Readers’ letters - January 27

Our woodlands are facing immense pressure says a reader. See letter
Our woodlands are facing immense pressure says a reader. See letter
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Have your say

What’s our Plan B?

Am I missing something here? I have read about the plummeting oil prices. Apparently the motivation of the Saudi oil producers is to flood the oil market, forcing down prices to break the US fracking industry’s competitiveness (as well as the Russians and Iranian oil producers for good measure). All commentators seem to think that these low oil prices are here to stay for some time.

Surely the companies queueing up to start drilling their fracking wells in this country will have based their well viability costings on out-of-date, much higher oil and gas prices? So, when they get their planning permissions, which the Government seems willing to override local councils and public opinion to achieve, the fracking companies will find it is not financially viable to even start drilling. Hence this Government, having based its energy strategy on getting cheaper oil products from fracking, will find itself facing a crisis in oil and gas supplies.

There will then be no alternative but to buy on the open world market – as they do now. So we will be no further forward!? Do they have a Plan B?

Ted Naisbitt,

Address supplied

Help us save our woodland

Coverage surrounding the recent floods has recognised the immense potential of trees and woods in flood defence efforts. Our woods provide other vital services too: defences against climate change and pollution, increased physical and mental wellbeing for local people, and refuges for some of our most threatened wildlife.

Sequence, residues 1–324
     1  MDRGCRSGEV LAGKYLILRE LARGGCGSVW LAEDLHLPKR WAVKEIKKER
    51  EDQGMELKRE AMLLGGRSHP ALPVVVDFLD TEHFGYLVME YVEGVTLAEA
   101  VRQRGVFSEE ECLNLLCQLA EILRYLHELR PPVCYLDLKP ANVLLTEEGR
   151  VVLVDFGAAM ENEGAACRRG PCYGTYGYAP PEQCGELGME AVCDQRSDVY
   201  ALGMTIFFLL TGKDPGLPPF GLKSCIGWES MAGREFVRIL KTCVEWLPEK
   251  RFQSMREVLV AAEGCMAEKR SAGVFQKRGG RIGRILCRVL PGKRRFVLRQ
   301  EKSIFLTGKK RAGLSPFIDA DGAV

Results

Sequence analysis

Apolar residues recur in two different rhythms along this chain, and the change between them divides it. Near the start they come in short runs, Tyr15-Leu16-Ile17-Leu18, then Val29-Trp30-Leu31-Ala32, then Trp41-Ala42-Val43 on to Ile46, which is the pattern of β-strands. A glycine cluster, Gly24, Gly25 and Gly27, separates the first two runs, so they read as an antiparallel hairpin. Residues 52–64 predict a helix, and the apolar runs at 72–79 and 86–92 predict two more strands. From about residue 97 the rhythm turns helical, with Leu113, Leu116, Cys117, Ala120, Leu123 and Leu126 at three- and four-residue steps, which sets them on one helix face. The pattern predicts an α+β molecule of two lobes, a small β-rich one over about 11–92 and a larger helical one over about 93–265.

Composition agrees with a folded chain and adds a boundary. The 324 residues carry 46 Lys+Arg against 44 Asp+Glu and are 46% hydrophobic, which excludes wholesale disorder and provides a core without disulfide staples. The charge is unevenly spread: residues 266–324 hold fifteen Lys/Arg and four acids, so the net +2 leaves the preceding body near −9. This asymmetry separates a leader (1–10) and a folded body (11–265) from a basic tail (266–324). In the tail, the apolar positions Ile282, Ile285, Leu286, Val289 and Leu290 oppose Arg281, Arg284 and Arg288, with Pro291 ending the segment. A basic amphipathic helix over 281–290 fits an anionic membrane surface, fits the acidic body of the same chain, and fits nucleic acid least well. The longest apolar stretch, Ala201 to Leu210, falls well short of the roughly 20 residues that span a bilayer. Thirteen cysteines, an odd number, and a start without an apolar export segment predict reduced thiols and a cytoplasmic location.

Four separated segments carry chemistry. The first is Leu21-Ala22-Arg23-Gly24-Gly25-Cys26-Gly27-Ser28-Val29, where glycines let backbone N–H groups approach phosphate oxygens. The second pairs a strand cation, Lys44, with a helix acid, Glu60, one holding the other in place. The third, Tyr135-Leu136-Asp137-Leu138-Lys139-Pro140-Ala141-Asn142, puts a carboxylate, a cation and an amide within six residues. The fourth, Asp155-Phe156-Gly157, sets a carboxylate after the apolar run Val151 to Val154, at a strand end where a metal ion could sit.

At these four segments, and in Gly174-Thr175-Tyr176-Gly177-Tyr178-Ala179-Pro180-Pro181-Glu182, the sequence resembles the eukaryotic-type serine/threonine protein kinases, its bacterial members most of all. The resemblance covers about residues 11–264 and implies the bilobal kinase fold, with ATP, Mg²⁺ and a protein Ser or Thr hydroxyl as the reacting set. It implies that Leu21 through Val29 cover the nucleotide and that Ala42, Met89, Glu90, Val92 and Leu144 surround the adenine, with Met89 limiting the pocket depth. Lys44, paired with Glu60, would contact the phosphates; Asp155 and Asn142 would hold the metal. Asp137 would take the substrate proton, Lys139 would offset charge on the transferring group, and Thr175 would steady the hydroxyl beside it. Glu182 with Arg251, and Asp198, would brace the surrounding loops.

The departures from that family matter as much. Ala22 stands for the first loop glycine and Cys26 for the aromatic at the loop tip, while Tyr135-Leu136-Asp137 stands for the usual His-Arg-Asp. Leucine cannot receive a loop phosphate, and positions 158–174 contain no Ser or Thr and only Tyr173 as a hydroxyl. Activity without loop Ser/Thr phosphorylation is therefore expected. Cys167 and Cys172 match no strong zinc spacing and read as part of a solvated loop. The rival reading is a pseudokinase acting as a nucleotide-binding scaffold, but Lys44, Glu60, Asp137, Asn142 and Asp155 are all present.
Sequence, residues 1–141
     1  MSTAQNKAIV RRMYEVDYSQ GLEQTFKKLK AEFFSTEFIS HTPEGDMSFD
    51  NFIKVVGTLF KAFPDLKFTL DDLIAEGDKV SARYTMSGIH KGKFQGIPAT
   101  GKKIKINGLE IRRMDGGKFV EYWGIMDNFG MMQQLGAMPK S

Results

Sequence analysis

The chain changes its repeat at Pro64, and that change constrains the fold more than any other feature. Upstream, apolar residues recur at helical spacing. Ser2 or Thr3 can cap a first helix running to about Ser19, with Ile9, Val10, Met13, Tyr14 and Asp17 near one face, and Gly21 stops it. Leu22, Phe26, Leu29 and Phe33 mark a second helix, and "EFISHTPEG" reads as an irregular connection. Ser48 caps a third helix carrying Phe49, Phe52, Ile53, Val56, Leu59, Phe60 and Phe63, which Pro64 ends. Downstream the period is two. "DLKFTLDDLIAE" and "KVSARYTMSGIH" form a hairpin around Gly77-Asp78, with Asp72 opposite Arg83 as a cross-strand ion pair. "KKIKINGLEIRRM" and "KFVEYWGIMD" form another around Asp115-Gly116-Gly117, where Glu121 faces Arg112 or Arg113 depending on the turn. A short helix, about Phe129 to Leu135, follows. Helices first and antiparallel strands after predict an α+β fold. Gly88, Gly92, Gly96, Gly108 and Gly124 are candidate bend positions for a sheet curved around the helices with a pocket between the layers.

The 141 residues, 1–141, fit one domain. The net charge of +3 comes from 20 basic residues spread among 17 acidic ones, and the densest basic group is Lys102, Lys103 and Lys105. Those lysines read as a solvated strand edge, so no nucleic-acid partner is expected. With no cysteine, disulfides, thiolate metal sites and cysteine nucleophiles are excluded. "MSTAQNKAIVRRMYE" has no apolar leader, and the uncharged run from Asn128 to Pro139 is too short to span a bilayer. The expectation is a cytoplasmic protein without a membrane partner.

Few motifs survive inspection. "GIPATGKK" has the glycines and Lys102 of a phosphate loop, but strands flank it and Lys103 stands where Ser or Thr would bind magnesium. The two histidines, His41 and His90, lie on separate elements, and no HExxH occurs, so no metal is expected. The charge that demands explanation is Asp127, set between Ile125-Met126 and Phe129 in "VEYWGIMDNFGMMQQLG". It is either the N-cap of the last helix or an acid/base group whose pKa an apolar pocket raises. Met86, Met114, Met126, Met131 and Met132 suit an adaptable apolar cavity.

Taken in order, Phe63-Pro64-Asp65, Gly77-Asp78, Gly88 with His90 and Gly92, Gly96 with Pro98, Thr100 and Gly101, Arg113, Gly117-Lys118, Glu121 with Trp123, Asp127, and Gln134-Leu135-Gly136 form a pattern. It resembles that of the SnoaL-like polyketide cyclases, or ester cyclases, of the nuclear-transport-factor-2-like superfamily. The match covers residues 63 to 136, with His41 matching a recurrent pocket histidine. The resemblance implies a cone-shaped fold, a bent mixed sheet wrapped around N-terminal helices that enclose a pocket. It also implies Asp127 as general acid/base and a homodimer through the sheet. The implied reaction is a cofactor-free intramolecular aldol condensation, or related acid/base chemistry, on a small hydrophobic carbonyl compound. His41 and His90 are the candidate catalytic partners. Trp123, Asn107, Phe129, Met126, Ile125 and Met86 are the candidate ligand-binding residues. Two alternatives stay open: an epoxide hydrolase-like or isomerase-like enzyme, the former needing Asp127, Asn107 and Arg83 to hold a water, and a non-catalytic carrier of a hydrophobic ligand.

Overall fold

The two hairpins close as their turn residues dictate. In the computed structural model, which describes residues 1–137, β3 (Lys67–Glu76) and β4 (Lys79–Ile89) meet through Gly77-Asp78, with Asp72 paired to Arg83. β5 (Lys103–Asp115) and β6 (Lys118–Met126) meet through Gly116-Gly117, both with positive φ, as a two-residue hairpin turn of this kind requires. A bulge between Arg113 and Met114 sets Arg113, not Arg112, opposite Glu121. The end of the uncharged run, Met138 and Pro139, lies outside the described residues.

It is concerning that woodlands across the UK are now facing unprecedented pressures. In 1217, Henry III signed the Charter of the Forest, protecting the rights of common people to use the royal forests. Eight hundred years later, most of the UK’s woodland is gone or threatened, but its services are no less vital.

The Woodland Trust, along with 47 other organisations, will create a new Charter for Trees, Woods and People in 2017. We encourage readers to get involved, particularly to tell their stories of how local trees and woodlands have made a difference to their lives or their community. Visit treecharter.co.uk to learn more.

Oliver Franks,

Volunteer for The Woodland Trust


Making the most of land

There seems to be a fashion in house building to randomly dot houses here and there.

In a field of good arable land near to where I live, the builders appear to be doing this again. Why can they not build terraces again? In a given field size, many, many more homes can be fitted in.

The size can be as large as needed. If so many homes have to be built, according to Government, why not make the most use of available land? As the Old Timers say: “They’re not making any more land.”

Jeremy C Green via email

Save cash

If David Cameron is serious about immigrants learning English, maybe he should stop Government departments and local authorities printing leaflets, information booklets and application forms in various languages and also the provision of interpreters. This may save enough money to provide more English classes.

Michael Dobson,

Address supplied